Cultures and sub-cultures: Think about culture—how your characters act, dress, what form of transportation they use (if any). Maybe each location or city in your realm (or Kingdom if you prefer) has its own subculture, its own dress code their manner of talking and acting. Perhaps they each have their own government. Maybe their governments are at war with each other. Maybe each culture worships a different god; each sub-culture worships the same God with very different rituals. I really admire China Meiville's world building technique in The City & The City. And, the way his two cities each had their own culture and manner of dress. The way they behaved…it really fit in well with the plot and theme of the story, as a whole.
Ecology and geology: Keep everything possible, and within the laws of nature. A tundra cannot exist on either side of a desert plane (unless there is some magic within your story making that possible, if so it should be explained well in your story—or maybe that is part of your plot?).
Magic and the use of spells: Keep in mind what I said about language, and keeping it simple. Create “rules” for your magic, as well as “obstacles.” I think the most believable stories contain spells that just don’t work—or realms where certain magic does not work in (as I did with Wishful Thinking). Counter-spells and antidotes to magic exist in just about every believable fantasy story; as well as non-magical sentient creatures. The “muggles” in JK Rowling’s Harry Potter series, for instance. Is there dark magic and light magic? Flesh out your magic and spells as much as you do for your protagonist.
Consistency: Keep all of the details about your fantasy world consistent. Take a lot of notes, draw up charts and “cheat sheets” and follow them throughout your storytelling process. Refer to them often. It may even become necessary to tweak them from time to time, as your story unfolds.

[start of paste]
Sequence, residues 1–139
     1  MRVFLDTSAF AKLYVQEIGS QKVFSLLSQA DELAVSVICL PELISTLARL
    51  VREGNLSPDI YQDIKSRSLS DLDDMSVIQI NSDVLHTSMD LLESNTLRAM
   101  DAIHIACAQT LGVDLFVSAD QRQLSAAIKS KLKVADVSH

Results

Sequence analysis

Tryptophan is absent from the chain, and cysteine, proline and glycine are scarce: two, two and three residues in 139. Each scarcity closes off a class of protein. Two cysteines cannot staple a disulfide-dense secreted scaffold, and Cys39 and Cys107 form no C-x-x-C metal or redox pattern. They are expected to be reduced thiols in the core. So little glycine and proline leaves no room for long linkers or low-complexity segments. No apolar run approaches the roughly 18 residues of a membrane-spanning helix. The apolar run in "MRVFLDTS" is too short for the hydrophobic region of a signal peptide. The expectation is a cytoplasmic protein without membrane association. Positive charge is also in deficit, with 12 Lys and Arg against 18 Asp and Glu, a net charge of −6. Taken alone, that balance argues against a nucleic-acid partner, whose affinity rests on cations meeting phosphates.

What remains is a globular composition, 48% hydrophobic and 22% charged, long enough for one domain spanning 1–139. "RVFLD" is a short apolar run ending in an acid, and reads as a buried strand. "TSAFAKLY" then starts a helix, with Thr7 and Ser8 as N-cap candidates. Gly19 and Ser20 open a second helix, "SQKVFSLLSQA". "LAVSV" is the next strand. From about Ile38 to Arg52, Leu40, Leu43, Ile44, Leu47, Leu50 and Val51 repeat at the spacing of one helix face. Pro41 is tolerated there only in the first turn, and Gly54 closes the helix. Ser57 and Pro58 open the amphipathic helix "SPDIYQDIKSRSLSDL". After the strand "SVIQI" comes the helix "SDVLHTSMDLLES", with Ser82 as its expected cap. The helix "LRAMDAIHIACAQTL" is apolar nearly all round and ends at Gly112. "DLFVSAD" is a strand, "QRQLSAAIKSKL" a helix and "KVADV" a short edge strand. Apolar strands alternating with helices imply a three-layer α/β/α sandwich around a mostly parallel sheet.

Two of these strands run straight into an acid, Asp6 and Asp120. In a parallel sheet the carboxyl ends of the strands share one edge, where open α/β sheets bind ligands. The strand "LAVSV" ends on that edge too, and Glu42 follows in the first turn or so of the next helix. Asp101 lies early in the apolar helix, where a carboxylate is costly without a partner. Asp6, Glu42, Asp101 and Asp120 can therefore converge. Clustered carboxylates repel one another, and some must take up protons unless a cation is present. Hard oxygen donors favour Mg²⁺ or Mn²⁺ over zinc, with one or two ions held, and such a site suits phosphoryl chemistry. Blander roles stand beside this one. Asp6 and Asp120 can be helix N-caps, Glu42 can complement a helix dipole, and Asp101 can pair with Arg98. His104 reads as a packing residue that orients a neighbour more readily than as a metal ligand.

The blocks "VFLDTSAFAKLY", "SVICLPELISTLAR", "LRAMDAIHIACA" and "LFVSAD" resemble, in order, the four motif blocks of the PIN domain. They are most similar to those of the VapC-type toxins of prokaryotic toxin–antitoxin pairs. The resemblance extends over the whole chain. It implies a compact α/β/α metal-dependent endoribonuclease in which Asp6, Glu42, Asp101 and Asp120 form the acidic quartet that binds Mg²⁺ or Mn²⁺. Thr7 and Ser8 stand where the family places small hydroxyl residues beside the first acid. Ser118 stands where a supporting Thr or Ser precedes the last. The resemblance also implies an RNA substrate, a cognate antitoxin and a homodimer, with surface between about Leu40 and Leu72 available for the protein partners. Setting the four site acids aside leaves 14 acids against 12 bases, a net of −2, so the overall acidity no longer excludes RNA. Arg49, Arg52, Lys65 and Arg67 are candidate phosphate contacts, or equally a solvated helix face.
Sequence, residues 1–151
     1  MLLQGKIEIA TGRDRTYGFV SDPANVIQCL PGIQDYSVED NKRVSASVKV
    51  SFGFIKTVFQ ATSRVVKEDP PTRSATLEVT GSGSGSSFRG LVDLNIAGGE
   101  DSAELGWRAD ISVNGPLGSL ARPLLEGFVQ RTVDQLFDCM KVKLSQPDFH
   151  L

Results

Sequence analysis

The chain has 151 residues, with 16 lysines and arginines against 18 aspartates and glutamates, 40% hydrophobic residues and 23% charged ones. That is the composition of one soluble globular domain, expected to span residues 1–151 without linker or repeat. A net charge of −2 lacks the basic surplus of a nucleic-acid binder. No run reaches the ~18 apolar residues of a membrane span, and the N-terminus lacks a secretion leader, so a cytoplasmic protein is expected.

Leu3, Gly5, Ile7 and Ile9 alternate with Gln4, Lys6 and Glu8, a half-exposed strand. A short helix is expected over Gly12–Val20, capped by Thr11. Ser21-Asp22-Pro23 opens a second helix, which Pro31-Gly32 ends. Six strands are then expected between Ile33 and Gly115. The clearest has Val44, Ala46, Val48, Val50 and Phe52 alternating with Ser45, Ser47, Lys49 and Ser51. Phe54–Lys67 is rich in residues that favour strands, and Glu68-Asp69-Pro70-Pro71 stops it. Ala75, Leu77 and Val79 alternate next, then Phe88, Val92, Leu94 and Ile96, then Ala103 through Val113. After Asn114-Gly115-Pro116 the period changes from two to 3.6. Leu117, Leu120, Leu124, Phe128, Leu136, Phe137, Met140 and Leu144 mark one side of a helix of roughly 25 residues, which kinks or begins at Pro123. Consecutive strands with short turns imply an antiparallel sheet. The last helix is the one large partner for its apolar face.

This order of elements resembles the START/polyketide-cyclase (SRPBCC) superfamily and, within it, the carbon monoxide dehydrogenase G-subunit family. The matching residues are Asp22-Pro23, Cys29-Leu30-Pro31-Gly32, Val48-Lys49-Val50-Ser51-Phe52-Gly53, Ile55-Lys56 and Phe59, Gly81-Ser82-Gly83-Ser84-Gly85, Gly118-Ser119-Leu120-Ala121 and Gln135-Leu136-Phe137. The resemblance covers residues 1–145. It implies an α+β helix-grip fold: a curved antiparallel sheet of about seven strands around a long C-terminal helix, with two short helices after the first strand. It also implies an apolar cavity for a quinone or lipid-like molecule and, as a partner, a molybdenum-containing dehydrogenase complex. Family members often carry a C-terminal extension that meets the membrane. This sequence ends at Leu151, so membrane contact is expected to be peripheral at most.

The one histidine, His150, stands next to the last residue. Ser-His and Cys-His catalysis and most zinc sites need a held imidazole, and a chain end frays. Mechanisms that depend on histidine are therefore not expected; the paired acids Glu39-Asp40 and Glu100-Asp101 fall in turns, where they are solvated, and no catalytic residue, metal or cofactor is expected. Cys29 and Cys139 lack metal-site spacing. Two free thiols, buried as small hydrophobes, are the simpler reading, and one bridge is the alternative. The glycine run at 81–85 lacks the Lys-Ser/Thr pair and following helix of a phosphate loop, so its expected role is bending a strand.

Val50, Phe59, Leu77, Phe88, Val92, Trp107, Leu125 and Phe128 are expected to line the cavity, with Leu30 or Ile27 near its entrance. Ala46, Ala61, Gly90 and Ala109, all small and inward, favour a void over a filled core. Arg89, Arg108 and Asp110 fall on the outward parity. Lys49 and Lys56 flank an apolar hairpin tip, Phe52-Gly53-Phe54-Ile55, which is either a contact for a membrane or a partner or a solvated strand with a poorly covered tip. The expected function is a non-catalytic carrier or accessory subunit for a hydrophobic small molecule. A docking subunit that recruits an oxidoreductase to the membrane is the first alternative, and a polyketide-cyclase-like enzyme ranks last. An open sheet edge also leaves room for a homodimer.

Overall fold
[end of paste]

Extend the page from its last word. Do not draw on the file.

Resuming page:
Dare to be different: Don’t worry about taking risks by doing something different than what everybody else is doing. Not all fantasy worlds have to be carbon copies of Tolkien’s Middle Earth (nor should they). Create your own realm with your own ideas.
During the early stages of writing Wishful Thinking, I was told that my faerie characters were “too large.” That they should be tiny, Barbie-sized beings that flit around and land on people’s shoulders and they should “glow.” Well, my faeries were not Tinkerbell—and I was not going for the Peter Pan style of Faerie. I wrote an urban fantasy in which faeries blend in with real people, keeping their fae nature and homeworld of Oberia a secret from those in the Outer Realm (aka the “real world”).
Oberia is part of my fantasy world, and I created it the way I saw fit. I have fleshed it out and developed to suit my own needs, and the story telling of the trilogy.
I think that within the mind's eye of each fantasy writer, there are beautiful and mysterious new worlds to explore. Each book is a journey into each realm.
About K. Crumley
I have been an avid reader and writer of fantasy fiction since I was a child. I started pursuing it seriously, and with passion in my early twenties, when I had changed my college majors from dance to Psychology and English Writing. I also completed Writers Digest’s short fiction writing course.
My earliest stories were children’s picture books (which I wrote with my sister, who is an artist), short stories and spiritual poems. I have had poetry and short stories published in small press periodicals and ezines, as I started to branch out in my writing career and work on a variety of projects—including my long-time epic fantasy project The Corithian Saga.
I’m a member and former moderator of the Elfwood.com website, and publisher and editor of the fledgling periodical Full Armor Magazine.
My short stories:
Black Widow & Other Tales
Wishful Thinking (Daughters of Oberia book 1)
Available in kindle and in print.
Fantasy readers can find out more about K. Crumley at her many web pages.
Amazon author page